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hashcode and equals

 
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5. What two statements are true about properly overridden hashCode() and equals()
methods?
A. hashCode() doesn�t have to be overridden if equals() is.
B. equals() doesn�t have to be overridden if hashCode() is.
C. hashCode() can always return the same value, regardless of the object that invoked it.
D. If two different objects that are not meaningfully equivalent both invoke hashCode(),
then hashCode() can�t return the same value for both invocations.
E. equals() can be true even if it�s comparing different objects.

The answer of above question is C and E , I didnt understand howcome E
Can anyone elaborate on this.
Thanks in Advance.
 
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E. equals() can be true even if it�s comparing different objects.






Thanks,
 
Java Cowboy
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To answer this question, it is a good idea to look at the Java API documentation of class Object and carefully read what it says about the equals() and hashCode() methods.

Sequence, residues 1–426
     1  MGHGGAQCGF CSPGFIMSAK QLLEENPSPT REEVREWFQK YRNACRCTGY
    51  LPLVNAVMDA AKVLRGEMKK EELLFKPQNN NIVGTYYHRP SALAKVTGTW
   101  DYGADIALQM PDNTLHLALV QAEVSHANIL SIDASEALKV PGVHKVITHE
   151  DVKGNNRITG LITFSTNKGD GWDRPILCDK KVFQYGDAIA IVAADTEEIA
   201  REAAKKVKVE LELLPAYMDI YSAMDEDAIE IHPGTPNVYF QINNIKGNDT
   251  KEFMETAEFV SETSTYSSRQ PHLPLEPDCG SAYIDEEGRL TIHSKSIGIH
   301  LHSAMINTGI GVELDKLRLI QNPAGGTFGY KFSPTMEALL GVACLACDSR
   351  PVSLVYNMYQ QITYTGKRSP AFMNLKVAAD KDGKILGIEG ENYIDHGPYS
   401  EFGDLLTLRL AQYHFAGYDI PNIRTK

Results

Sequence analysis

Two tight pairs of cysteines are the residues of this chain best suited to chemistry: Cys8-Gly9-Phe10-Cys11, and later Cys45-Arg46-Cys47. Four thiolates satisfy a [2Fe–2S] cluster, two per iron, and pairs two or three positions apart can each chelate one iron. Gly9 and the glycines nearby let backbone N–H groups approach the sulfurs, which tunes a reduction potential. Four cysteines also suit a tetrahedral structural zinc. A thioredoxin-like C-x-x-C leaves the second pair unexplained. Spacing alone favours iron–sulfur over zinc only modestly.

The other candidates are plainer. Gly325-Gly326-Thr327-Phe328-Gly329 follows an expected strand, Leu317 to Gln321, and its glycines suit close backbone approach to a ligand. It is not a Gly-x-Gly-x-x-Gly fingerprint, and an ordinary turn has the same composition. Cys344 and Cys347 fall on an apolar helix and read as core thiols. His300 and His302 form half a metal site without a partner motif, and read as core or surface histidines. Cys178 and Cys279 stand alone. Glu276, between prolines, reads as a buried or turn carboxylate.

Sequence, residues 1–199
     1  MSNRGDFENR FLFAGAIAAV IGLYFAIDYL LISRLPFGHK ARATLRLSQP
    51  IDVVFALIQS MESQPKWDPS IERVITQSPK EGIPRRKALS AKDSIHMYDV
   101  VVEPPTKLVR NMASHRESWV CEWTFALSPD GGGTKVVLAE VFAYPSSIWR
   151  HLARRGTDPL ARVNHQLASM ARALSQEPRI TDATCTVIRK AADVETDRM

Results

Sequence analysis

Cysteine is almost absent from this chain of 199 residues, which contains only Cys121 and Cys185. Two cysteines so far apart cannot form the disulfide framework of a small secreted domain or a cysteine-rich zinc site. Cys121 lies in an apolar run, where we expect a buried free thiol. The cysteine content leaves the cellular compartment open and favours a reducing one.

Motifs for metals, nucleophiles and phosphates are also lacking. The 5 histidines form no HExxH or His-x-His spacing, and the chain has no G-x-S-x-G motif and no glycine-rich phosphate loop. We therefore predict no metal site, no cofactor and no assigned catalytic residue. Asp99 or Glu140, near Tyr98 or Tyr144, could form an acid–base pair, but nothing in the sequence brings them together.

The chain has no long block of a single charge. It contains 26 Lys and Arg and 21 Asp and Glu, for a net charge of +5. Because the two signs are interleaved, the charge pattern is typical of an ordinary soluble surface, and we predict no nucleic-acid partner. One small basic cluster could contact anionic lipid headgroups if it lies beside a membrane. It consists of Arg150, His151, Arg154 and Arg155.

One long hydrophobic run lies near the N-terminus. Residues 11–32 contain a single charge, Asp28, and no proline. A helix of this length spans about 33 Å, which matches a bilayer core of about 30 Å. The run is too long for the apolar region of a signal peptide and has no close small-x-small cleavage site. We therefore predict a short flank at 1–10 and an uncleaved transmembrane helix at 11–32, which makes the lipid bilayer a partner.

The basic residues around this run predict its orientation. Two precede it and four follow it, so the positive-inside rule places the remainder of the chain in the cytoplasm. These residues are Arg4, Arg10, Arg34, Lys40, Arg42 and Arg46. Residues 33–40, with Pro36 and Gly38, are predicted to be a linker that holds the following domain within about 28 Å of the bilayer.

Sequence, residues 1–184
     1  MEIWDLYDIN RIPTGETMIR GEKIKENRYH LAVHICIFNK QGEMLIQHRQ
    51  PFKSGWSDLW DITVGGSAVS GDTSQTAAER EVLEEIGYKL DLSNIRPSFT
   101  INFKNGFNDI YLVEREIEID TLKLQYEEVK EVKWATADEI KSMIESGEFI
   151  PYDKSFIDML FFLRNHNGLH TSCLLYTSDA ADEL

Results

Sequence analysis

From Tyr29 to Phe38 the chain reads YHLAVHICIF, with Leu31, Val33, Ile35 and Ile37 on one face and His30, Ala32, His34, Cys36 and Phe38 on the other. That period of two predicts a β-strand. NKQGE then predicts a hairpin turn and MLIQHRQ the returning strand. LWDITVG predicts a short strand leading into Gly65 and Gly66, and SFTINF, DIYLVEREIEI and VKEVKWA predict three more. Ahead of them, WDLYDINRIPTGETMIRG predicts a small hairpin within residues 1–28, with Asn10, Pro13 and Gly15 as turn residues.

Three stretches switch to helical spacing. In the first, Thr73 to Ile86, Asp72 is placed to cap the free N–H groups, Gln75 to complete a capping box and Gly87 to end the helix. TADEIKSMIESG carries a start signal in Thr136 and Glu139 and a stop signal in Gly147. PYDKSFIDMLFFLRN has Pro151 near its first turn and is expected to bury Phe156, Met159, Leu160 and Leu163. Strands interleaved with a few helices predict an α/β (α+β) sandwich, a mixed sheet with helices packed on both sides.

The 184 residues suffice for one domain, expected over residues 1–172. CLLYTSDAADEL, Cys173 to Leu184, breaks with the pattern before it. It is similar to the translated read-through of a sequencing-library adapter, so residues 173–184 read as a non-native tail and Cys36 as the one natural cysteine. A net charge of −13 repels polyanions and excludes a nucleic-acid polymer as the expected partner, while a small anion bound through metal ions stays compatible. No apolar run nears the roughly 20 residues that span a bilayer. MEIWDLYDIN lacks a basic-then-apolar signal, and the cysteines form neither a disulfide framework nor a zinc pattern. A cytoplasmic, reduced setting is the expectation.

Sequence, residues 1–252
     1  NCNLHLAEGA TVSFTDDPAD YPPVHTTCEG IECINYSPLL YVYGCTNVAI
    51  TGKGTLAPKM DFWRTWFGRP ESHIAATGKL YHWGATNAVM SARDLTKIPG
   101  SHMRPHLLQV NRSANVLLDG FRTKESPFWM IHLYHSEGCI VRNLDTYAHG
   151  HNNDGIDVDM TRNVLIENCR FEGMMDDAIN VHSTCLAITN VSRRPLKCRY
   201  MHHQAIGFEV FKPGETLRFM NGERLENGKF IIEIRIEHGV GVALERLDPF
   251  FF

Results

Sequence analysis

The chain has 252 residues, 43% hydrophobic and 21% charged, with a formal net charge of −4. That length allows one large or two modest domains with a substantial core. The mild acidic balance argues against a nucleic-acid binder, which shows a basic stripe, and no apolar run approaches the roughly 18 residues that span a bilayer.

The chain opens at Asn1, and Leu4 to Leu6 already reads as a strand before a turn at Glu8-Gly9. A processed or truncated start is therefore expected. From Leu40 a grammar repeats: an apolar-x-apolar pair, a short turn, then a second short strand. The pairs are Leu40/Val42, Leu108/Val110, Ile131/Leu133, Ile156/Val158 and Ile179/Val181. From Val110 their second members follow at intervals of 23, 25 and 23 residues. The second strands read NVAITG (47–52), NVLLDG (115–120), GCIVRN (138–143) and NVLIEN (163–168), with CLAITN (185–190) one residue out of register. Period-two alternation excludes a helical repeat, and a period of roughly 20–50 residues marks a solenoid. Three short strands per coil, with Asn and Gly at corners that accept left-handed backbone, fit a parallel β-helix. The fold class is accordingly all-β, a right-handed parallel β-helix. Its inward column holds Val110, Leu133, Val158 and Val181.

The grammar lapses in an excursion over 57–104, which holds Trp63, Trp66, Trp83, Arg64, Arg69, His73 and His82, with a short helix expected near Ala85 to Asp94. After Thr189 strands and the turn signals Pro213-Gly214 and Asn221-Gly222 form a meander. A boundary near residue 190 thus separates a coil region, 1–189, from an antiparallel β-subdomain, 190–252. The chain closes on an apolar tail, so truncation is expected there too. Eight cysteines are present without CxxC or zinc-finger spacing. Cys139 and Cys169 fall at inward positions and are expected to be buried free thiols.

The equals() method checks if two objects are 'equal', which means the objects have equivalent values. It doesn't mean the two objects must be the exact same object.
 
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. What two statements are true about properly overridden hashCode() and equals()
methods?
A. hashCode() doesn�t have to be overridden if equals() is.
B. equals() doesn�t have to be overridden if hashCode() is.
C. hashCode() can always return the same value, regardless of the object that invoked it.
D. If two different objects that are not meaningfully equivalent both invoke hashCode(),
then hashCode() can�t return the same value for both invocations.
E. equals() can be true even if it�s comparing different objects.

Hi,
hashCode is to allot the records by comparing keys i.e., it checks and finds which bucket to put the value. but values are checked for repetition(set does not allow repetition) by comparing object values in equals method. please check the hashCode and equals contract from k&b.